Weekend pronouncement: 'Chuck'
Sandler comedy poised to beat 'Phoenix,' 'Hairspray' to altarEntering its second weekend, "Harry Potter and the Order of the Phoenix" is facing off against a couple of muggle movies. The odd-couple comedy "I Now Pronounce You Chuck & Larry" looks as if it could elbow its way to the top of the North American boxoffice heap, while the upbeat musical "Hairspray" could establish itself as a singing-and-dancing summer hit.
Warner Bros. Pictures' "Phoenix," which burst on the scene July 11, grossed $159.3 million in its first seven days. But this weekend it faces competition not just from other movies but also from the release of author J.K. Rowling's final volume in her monumentally magical series, "Harry Potter and the Deathly Hallows."
With the book scheduled to go on sale at 12:01 a.m. Saturday, die-hard Potter fans presumably will spend the weekend on a reading binge rather than taking in the big-screen Harry; on the other hand, hardcore Pottermaniacs probably already checked out the movie.
Having grossed $77.1 million the previous weekend, the PG-13 "Phoenix" is expected to fall 50%-55% this round for a weekend take of $33 million-$38 million.
That opens the door for Universal Pictures' "Chuck," playing in 3,495 theaters, to power into the top spot. The PG-13 comedy stars Adam Sandler as a New York firefighter and resolute ladies man who agrees to get hitched to his straight firefighting buddy Kevin James so they can collect domestic partnership benefits. Dennis Dugan, who helmed Sandler's "Happy Gilmore" and "Big Daddy," directs.
Sandler's comedy vehicles have been proven boxoffice draws for nearly a decade. (His dramatic turns, such as in "Reign Over Me" and "Spanglish," are another story.) From 1998's "Waterboy" to last summer's "Click," Sandler's broad comedies have consistently opened in the high-$30 million to low-$40 million range — his biggest opener was 2005's "The Longest Yard," which bowed to $47.6 million.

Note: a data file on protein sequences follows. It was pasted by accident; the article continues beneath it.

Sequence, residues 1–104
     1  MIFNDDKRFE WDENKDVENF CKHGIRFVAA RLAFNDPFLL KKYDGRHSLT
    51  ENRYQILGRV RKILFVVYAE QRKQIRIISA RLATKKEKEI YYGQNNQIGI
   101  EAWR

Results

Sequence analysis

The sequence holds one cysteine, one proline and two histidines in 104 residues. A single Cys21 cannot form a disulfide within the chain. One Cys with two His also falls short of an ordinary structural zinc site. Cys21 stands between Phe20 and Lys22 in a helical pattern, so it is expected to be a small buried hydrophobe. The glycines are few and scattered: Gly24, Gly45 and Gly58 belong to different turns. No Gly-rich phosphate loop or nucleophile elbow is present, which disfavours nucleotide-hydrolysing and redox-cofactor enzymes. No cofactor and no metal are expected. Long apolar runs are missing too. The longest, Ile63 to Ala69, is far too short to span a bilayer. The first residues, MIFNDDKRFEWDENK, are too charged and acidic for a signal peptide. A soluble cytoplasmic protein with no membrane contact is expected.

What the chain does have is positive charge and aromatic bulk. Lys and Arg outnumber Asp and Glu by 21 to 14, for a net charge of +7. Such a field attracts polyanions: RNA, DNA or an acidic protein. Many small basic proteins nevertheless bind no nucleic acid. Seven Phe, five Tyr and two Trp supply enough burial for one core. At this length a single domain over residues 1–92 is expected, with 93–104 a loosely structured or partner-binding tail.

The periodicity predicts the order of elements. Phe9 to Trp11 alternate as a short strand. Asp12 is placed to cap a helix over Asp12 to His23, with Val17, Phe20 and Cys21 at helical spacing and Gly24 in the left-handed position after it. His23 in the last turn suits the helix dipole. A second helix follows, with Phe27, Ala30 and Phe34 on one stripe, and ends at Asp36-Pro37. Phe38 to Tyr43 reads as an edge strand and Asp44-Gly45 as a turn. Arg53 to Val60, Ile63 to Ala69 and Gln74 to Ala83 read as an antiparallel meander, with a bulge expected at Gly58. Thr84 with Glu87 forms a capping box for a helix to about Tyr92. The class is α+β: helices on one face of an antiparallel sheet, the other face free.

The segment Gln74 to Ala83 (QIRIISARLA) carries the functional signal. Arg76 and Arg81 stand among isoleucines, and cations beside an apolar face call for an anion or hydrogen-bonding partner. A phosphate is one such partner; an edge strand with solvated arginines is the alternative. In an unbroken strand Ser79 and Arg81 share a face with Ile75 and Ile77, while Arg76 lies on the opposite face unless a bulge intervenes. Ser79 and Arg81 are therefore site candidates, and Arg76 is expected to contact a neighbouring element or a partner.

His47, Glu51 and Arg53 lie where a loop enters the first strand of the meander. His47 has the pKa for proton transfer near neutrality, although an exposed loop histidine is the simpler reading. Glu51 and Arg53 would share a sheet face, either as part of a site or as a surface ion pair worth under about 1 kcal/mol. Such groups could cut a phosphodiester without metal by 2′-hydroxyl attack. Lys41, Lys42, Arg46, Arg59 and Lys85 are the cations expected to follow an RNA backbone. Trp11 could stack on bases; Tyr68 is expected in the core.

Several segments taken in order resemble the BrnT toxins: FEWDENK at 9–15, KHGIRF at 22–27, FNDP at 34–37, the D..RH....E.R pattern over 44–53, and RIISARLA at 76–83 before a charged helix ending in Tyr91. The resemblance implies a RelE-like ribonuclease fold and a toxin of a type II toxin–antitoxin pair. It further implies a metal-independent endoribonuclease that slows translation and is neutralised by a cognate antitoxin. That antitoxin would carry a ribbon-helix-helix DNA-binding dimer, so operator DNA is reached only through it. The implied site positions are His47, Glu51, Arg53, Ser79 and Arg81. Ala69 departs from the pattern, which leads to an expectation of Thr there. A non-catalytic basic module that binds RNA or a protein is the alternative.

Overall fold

"Chuck," flirting as it does with the issue of gay marriage, could alienate a few in Sandler's regular-guy fan base, but the comedy still should approach $40 million, which should allow it to outshine "Phoenix."
Female moviegoers are likely to flock to New Line Cinema's "Hairspray," the 1960s-set musical built around an "American Bandstand"-like dance show. Based on the 1988 John Waters film — which was turned into a Broadway musical in 2002 with a score by Marc Shaiman and Scott Wittman and now returning to the big screen — the latest film boasts a someone-for-everyone cast that includes John Travolta in the drag role of Edna Turnblad, Queen Latifah, "High School Musical" heartthrob Zac Efron and newcomer Nikki Blonsky. Drawing on his roots as a choreographer, Adam Shankman ("The Wedding Planner") directs.
Although the movie will be competing against "Phoenix" for the attention of younger females, it could dance to something approaching the $20 million mark in 3,121 theaters.
In limited release, Fox Searchlight will launch its sci-fi space exploration movie "Sunshine," directed by Danny Boyle, who had a hit five years ago with Searchlight's "28 Days Later." The R-rated film, about an attempt to save the dying sun, opens in 10 theaters.
Sony Pictures Classics will take out its Oscar-winning foreign-language film, Florian Henckel von Donnersmarck's "The Lives of Others," for a final victory lap. Although the film has been in theaters for 23 weeks and was on 19 screens the previous weekend, SPC is moving it into 253 theaters with hopes of establishing a record for an American release of a German feature; the current record holder is 1982's "Das Boot," with $10.9 million.